California has an incredible number of National Parks within its borders. And each one of them couldn’t be more different from the rest. But Joshua Tree National Park might be the best of the best, an experience that people from around the world travel to have.
Its combination of an otherworldly desert landscape and its plethora of namesake Joshua Trees give it a vibe that cannot be found in any other National Park. That would be enough but there’s more to this wonderous park than that.
Two deserts meet in a park…
At the core of Joshua Tree is an interesting ecological contradiction. Two deserts with distinctly different ecosystems cross paths here. Yet, they also manage to work in unison, creating one of the most interesting places on Earth.
Part of the larger Sonoran Desert, the Colorado Desert encompasses Coachella Valley as well as the Salton Sea, which is hundreds of feet below sea level. It’s also home to Anza-Borrego Desert State Park, a popular spot within easy driving distance of San Diego.
The Mojave Desert is the second one that makes an appearance in Joshua Tree National Park. While the Colorado Desert is relatively low, the Mojave Desert is much higher. Several mountain ranges border it on all sides, with few people living in the central basin.
While it might seem like all deserts are the same, nothing could be further from the truth. The Colorado and Mojave Deserts could not be more different, with each one of them offering their own experiences to take in.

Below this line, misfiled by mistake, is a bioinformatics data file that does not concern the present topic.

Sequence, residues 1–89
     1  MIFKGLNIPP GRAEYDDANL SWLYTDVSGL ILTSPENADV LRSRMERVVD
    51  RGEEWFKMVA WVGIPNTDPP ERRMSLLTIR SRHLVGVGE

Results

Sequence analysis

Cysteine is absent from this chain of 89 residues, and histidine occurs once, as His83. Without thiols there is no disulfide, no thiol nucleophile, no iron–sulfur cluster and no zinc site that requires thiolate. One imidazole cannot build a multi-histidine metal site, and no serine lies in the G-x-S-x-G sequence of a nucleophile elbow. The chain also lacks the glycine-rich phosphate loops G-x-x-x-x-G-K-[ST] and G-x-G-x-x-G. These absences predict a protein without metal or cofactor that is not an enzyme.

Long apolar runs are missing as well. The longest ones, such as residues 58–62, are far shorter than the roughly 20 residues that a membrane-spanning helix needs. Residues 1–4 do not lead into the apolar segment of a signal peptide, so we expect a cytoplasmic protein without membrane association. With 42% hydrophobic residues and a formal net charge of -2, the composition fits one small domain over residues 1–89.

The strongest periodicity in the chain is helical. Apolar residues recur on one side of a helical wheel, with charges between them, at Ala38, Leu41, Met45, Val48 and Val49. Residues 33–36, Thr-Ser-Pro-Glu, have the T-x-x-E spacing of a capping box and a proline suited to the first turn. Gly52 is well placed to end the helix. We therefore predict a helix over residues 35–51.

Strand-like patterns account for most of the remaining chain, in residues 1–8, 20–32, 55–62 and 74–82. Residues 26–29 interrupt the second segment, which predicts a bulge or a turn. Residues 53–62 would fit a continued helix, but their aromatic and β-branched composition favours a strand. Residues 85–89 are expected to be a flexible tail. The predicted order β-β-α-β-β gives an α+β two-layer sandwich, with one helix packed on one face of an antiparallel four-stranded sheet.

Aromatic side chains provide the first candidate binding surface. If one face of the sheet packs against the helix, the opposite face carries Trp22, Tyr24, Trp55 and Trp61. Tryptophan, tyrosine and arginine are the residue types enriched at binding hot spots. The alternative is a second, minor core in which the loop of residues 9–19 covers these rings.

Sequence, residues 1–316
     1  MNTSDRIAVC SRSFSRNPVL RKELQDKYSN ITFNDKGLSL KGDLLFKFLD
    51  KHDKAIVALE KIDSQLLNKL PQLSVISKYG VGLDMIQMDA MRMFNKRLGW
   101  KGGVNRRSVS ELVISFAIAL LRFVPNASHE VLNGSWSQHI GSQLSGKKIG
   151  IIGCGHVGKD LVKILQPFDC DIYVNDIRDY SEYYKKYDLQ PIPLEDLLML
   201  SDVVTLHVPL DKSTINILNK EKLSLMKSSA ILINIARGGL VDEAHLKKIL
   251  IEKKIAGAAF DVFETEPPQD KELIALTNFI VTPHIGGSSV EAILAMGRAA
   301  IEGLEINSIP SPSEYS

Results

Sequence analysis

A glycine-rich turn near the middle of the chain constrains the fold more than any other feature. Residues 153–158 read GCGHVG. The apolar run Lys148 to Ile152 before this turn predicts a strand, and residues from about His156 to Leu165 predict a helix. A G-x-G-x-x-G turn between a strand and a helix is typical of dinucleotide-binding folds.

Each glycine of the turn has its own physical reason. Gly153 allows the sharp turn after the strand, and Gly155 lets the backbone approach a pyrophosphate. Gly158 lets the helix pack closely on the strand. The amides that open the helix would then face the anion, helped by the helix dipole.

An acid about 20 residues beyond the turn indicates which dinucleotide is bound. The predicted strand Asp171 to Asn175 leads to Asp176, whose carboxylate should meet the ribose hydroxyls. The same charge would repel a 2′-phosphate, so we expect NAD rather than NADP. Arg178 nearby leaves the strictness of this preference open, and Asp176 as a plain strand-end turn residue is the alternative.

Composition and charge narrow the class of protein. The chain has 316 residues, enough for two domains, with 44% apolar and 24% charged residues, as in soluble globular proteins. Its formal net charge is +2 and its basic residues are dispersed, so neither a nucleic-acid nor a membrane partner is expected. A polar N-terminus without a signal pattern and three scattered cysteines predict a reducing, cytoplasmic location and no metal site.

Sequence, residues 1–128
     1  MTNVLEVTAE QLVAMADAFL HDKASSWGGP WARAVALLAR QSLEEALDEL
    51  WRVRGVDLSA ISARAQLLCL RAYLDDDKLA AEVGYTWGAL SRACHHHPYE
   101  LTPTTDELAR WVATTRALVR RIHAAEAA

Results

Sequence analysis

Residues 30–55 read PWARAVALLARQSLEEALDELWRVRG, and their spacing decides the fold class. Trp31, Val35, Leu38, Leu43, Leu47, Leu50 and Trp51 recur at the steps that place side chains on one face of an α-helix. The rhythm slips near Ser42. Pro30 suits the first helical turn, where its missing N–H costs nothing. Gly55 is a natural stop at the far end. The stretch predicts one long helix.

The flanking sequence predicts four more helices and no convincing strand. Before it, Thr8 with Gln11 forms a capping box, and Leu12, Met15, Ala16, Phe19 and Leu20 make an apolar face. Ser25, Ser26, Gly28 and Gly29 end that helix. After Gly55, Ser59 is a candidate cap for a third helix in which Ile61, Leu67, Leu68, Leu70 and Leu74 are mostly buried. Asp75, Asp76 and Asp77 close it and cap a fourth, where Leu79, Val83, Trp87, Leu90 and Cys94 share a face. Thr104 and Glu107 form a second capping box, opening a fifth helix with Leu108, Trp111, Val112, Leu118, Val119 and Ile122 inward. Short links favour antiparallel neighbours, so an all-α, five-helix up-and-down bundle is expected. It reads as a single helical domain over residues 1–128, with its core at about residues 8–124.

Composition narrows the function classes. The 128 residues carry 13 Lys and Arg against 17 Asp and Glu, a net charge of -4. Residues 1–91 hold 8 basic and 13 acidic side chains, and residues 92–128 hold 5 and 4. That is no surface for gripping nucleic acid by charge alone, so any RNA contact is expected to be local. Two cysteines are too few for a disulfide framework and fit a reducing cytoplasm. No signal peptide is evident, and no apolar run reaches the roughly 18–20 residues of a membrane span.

Stunning flora and fauna
A big example of this is the Joshua Trees, which are only endemic to the Mojave Desert. It’s considered to be an indicator species. That means spotting them is how you know you’re in that specific desert in the first place.
These trees are a massive draw for the park itself. They gave Joshua Tree its name, and continue to be a reason why so many people decide to travel there. But the flora and fauna of the park, and each desert, offers so much more than that.
More than 250 bird species reputedly inhabit the overall park. It’s considered by many to be a birdwatcher’s paradise, as long as you know what you’re looking for, where to look for it, and when it might be out. Some birds are only out at specific times of the day or during migration.
If you’re looking to do some animal spotting, keep in mind that the bulk of the species that live in Joshua Tree are nocturnal. Unlike people, they’re smart enough to not go out in the heat. But at night, the park comes alive with mammals, amphibians, reptiles, and more.
Joshua Tree experience
Naturally, a large part of the Joshua Tree National Park experience hinges on the flora and the fauna, specifically the Joshua Trees, themselves. But if that’s not your deal, then the park also has a lot more to see and do.
Camping and hiking are popular pastimes in Joshua Tree. Over the years, it’s also become an incredibly popular spot for rock climbing, as well. Some have said that there are thousands of climbing routes, with several only open during specific seasons.
A huge reason to head out to Joshua Tree is the stargazing. The lack of urban light pollution combined with the terrain has created perfectly dark skies. As such, stargazers, amateur astronomers, and more flock to the park on a regular basis to check out the night sky.
Joshua Tree National Park is a huge draw because of its namesake foliage but there is so much more to it than that. This is a place to experience the natural world on a level that can be hard to find in other places. That’s why this National Park was founded.